Which takes me back to incentives. Columbia should not be surprised if there is a repeat performance. Apparently, it provides inadequate incentives to document expenses, and inadequate disincentives to curb the failure to do so.



As someone who does a lot of grant and study work, I can tell you, it would be nice if these operations has enough resources to send green eyeshades around with every researchers, and it would be nice if the thought leader had a degree in bookkeeping, but it is rarely the case. they are usually focused pell-mell on the mission and the grants never include an office manager budget.

Should he have saved every parking ticket and got every car service passenger approved in advance and notarized with photographic evidence signed by a nun? Of course, in retrospect you can always put ridiculous documentation demands on any project, anyone that has been auditted by the IRS knows that.

At the end of the day, his work was revolutionary in the very least in terms of being thought provoking. This nickel/dime stuff is academic jealousy. Half of the important biologists from 1700-1850 could have been hung for grave robbing, groundbreaking science sometimes leaves an untidey wake.


John Smith


The readers are onto your tricks...

John Smith

Come on, guys. Let’s not jump to conclusions here. Just because the man is friendly with a bunch of drug dealers and apparently “misplaced” hundreds of thousands of dollars without being able to account for it doesn’t mean that he is guilty of any misconduct.

I am sure this will all blow over. Heck, it is probably stuck inside the couch side-cushion in his office. After all, he promised he didn’t steal all that money from the taxpayers, right?

Janet Cooke

One of the questions that the NYT story raised should be of particular interest to this community. Professor Venkatesh had some of his work featured here:

And, assuming it's the same baseball study, the NYT story reads:

But Columbia’s auditors said that the baseball study, for example, was “apparently unsuccessfully submitted” for approval “after the research had been completed.”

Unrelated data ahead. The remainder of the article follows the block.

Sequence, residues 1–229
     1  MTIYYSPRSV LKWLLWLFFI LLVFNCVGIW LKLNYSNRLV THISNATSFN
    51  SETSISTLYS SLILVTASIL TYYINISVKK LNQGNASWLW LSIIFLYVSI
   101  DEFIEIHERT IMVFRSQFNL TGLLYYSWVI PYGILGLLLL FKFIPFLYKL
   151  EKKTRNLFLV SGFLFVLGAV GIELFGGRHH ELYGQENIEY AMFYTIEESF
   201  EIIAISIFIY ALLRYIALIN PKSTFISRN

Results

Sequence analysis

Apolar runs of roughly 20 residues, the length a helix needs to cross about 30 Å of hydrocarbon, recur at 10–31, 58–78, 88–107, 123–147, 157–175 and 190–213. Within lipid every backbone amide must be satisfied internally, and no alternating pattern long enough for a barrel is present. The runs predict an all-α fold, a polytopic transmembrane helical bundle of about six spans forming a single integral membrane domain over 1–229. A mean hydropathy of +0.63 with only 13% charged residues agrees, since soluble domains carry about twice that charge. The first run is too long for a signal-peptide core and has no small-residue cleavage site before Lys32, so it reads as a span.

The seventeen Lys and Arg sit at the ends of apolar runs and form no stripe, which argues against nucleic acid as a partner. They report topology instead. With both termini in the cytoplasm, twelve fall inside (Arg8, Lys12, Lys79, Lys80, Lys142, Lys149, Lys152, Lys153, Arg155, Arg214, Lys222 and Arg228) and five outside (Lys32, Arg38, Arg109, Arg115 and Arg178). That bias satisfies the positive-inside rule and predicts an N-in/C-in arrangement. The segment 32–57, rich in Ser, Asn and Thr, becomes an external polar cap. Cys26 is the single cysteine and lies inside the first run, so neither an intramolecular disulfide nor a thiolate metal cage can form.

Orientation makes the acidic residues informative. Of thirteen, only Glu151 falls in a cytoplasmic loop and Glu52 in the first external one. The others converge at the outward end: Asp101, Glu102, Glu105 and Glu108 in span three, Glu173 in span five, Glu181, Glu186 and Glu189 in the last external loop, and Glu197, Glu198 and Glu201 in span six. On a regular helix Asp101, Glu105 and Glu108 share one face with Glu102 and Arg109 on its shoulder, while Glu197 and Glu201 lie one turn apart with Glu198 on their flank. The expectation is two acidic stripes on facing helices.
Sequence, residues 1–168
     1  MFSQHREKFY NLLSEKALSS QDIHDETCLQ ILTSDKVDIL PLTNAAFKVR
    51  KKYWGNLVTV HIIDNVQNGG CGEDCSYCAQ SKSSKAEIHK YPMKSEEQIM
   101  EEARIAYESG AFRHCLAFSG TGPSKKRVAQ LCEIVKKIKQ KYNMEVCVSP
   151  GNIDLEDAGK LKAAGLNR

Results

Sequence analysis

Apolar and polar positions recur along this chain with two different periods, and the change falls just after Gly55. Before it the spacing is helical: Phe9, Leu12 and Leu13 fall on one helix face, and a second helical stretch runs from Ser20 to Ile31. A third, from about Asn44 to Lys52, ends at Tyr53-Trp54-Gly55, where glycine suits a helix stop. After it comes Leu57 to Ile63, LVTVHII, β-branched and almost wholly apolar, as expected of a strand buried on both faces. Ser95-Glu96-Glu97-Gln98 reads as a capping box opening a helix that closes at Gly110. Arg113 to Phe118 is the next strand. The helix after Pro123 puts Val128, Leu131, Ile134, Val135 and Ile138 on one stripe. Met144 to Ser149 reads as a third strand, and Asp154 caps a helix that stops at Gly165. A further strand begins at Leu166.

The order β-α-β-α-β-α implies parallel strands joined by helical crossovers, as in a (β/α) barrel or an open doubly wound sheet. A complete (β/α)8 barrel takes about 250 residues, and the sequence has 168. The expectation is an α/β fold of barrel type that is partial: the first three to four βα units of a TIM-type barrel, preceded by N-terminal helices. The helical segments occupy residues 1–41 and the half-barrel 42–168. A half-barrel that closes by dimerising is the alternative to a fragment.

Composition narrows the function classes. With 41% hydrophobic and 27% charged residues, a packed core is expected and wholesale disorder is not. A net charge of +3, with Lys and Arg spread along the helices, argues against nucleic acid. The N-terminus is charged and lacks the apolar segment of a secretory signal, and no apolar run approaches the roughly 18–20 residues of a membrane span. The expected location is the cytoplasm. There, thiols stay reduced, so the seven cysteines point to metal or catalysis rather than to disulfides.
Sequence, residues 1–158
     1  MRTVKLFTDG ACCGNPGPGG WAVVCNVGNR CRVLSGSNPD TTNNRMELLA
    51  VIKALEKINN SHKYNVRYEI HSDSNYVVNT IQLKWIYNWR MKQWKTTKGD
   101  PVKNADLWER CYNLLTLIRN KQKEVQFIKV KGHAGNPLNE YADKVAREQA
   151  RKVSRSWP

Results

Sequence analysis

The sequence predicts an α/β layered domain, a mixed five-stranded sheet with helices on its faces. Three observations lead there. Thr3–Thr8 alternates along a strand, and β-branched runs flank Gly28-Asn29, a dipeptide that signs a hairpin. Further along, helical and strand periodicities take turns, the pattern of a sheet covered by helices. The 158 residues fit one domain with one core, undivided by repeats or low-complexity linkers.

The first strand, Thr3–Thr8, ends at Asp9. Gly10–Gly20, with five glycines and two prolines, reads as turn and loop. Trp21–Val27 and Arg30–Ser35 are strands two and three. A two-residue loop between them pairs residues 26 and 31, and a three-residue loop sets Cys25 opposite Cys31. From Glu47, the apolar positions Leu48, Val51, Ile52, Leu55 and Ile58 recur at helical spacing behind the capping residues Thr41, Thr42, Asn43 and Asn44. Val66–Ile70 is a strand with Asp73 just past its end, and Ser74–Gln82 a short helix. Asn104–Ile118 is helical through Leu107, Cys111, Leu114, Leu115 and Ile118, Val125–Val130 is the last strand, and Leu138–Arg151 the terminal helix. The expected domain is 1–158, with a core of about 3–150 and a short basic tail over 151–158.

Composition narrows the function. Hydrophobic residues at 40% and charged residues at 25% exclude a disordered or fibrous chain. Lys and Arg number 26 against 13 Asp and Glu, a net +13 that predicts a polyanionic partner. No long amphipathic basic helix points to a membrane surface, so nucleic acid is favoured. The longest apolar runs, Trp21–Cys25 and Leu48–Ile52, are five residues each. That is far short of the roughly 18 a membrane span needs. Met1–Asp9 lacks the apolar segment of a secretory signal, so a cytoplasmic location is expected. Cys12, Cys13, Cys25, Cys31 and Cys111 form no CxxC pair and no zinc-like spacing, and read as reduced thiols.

I think this would seem to indicate that Professor Venkatesh conducted research – with an undergraduate student – without any attempt to get approval from the university board that governs research (IRB or some such body) until *after* the research has been conducted. That is a serious violation of research ethics – regardless of any money spent on the project. If the study that is described above is the same as the basis of the report here on freakonomics.

If that is the case, that’s a HUGE violation of research protocol - and probably merits explanation to this community.


Enter your name...

You only need to get approval for research if you are doing certain types of formal, systematic research on individual humans.

You don't need to get approval for research that uses existing public data (e.g., published baseball scores and salaries), talking to people, taping life stories, or things like that. Most things that an ethnographer does do not require IRB approval.


In Prof. Venkatesh's case,this was a "finding" by the auditors - meaning they found a violation of some protocol/procedure/requirement. If IRB approval wasn't a requirement of the project, it wouldn't have been cited in the audit report.

Claude Veerhoeven

Dubner, Levitt: will Sudhir continue to be involved with Freakonomics?

cmon Sudhir

never lied? Your mentor seems to disagree about whether or not a certain survey you criticize was his. Sounds like a lie to me